France

Culture

Culture

France has been a centre of Western cultural development for centuries. Many French artists have been among the most renowned of their time, and France is still recognised in the world for its rich cultural tradition.

The successive political regimes have always promoted artistic creation, and the creation of the Ministry of Culture in 1959 helped preserve the cultural heritage of the country and make it available to the public. The Ministry of Culture has been very active since its creation, granting subsidies to artists, promoting French culture in the world, supporting festivals and cultural events, protecting historical monuments. The French government also succeeded in maintaining a cultural exception to defend audiovisual products made in the country.

France receives the highest number of tourists per year, largely thanks to the numerous cultural establishments and historical buildings implanted all over the territory. It counts 1,200 museums welcoming more than 50 million people annually. The most important cultural sites are run by the government, for instance through the public agency Centre des monuments nationaux, which is responsible for approximately 85 national historical monuments.

The 43,180 buildings protected as historical monuments include mainly residences (many castles, or châteaux in French) and religious buildings (cathedrals, basilicas, churches, etc.), but also statutes, memorials and gardens. The UNESCO inscribed 41 sites in France on the World Heritage List.


Art

The origins of French art were very much influenced by Flemish art and by Italian art at the time of the Renaissance. Jean Fouquet, the most famous medieval French painter, is said to have been the first to travel to Italy and experience the Early Renaissance at first hand. The Renaissance painting School of Fontainebleau was directly inspired by Italian painters such as Primaticcio and Rosso Fiorentino, who both worked in France. Two of the most famous French artists of the time of Baroque era, Nicolas Poussin and Claude Lorrain, lived in Italy.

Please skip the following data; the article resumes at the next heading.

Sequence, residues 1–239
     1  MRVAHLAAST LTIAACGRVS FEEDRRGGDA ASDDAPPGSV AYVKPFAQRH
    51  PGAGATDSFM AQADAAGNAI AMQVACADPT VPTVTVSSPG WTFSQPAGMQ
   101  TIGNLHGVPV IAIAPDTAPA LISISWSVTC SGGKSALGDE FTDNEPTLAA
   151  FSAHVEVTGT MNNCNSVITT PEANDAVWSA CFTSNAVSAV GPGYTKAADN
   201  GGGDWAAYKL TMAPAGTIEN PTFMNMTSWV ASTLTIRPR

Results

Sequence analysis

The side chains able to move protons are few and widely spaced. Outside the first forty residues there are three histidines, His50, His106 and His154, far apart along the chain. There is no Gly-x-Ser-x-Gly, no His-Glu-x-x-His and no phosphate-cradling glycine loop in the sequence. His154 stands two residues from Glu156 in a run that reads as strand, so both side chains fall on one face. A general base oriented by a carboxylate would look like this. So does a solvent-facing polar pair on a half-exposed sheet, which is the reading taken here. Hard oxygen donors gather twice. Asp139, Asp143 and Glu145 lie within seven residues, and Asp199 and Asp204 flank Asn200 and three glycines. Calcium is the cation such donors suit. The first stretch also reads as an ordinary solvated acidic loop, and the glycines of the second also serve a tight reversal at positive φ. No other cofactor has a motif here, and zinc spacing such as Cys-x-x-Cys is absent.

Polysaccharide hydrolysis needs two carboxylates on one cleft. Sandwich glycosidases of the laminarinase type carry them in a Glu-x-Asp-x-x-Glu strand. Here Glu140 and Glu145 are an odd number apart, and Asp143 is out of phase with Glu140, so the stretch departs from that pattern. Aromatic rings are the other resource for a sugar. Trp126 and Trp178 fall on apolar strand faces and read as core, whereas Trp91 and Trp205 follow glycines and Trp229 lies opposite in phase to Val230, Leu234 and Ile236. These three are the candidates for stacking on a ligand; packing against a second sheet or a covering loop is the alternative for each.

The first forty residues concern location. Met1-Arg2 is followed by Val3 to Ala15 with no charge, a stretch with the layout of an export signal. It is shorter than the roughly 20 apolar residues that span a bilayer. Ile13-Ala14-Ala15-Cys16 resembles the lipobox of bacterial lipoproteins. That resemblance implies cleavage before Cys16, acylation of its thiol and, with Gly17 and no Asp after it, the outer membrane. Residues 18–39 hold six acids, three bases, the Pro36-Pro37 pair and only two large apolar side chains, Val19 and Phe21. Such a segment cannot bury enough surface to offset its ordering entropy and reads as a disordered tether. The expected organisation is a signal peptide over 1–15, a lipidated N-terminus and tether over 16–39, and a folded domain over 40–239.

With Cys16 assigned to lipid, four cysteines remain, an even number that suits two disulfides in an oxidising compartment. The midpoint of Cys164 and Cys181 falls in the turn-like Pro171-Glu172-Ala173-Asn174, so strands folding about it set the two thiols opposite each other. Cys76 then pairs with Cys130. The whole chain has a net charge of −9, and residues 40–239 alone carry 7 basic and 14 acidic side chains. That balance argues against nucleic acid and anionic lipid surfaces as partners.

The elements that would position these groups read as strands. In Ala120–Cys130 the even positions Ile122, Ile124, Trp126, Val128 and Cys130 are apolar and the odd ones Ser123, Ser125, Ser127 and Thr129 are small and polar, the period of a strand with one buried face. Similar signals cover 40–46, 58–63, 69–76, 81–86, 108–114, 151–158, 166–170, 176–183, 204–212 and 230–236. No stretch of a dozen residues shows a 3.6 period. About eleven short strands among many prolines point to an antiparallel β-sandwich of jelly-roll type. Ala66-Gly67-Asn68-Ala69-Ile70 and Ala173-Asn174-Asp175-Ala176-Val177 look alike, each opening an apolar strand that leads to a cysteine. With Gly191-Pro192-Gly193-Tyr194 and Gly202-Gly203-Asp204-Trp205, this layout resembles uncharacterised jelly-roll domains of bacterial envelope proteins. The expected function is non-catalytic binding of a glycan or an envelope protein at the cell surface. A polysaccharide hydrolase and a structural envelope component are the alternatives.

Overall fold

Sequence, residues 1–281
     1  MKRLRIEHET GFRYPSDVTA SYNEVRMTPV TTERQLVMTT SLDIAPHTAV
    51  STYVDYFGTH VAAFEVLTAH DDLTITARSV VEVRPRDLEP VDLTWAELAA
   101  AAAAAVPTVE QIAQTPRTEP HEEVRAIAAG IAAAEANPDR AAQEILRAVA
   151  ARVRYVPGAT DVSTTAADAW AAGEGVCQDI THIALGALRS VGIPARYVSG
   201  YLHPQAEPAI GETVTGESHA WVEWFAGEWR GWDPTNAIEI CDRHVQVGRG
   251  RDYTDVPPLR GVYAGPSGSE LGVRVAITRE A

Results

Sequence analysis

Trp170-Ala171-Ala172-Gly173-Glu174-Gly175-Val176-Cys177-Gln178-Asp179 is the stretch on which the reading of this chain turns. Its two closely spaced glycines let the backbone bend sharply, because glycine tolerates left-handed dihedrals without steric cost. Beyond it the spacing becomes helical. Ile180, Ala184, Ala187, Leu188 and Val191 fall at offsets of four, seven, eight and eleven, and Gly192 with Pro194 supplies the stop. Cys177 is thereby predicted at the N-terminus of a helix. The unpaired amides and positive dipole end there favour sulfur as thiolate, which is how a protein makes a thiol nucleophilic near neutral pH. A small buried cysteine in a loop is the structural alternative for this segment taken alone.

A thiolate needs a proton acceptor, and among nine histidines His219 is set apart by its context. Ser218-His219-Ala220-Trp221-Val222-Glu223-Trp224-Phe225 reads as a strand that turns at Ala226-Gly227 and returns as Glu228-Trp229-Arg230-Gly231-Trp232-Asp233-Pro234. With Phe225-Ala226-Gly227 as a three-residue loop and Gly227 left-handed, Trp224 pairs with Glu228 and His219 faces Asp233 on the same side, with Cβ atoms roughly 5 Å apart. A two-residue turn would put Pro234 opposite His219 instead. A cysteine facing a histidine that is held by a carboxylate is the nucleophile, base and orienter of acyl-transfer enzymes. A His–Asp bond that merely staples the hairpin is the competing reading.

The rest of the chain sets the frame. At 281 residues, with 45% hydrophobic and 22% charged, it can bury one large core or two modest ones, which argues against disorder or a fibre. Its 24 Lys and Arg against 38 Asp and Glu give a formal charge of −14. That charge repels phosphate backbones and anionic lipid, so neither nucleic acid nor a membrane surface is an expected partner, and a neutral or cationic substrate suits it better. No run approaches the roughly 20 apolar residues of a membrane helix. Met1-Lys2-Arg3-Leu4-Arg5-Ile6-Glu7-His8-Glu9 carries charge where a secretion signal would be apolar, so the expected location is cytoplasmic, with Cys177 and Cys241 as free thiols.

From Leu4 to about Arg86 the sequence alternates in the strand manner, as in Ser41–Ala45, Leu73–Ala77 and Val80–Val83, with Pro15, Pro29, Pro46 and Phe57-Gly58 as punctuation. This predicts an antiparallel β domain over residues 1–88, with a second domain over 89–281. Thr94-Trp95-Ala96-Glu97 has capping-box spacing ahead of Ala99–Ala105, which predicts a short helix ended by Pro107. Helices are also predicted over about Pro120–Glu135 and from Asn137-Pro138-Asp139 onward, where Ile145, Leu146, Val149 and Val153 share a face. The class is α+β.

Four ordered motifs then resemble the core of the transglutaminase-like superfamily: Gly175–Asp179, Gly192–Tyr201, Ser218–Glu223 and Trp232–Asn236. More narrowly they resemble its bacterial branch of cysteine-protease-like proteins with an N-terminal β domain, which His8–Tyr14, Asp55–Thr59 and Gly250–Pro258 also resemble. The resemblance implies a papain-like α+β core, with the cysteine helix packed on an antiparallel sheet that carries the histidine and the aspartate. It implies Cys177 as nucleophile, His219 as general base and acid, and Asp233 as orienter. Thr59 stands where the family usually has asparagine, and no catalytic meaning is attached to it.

The 17th century was the period when French painting became prominent and individualised itself through classicism. Louis XIV's prime minister Jean-Baptiste Colbert founded in 1648 the Royal Academy of Painting and Sculpture to protect these artists, and in 1666 he created the still-active French Academy in Rome to have direct relations with Italian artists.

French artists developed the rococo style in the 18th century, as a more intimate imitation of old baroque style, the works of the court-endorsed artists Antoine Watteau, François Boucher and Jean-Honoré Fragonard being the most representative in the country. The French Revolution brought great changes, as Napoleonfavoured artists of neoclassic style such as Jacques-Louis David and the highly influential Académie des Beaux-Artsdefined the style known as Academism. At this time France had become a centre of artistic creation, the first half of the 19th century being dominated by two successive movements, at first Romanticism with Théodore Géricault and Eugène Delacroix, and Realism with Camille Corot, Gustave Courbet and Jean-François Millet, a style that eventually evolved into Naturalism.

In the second part of the 19th century, France's influence over painting became even more important, with the development of new styles of painting such as Impressionism and Symbolism. The most famous impressionist painters of the period were Camille Pissarro, Édouard Manet, Edgar Degas, Claude Monet and Auguste Renoir. The second generation of impressionist-style painters, Paul Cézanne, Paul Gauguin, Toulouse-Lautrec and Georges Seurat, were also at the avant-garde of artistic evolutions, as well as the fauvist artists Henri Matisse, André Derain and Maurice de Vlaminck.